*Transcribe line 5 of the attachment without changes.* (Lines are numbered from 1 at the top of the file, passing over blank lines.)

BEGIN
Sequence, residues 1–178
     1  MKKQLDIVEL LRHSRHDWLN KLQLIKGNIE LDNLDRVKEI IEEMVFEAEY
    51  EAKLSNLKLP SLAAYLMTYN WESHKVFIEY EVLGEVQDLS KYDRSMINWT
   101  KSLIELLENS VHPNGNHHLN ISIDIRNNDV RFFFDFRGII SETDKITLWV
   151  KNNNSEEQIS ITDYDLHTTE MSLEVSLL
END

   151  KNNNSEEQIS ITDYDLHTTE MSLEVSLL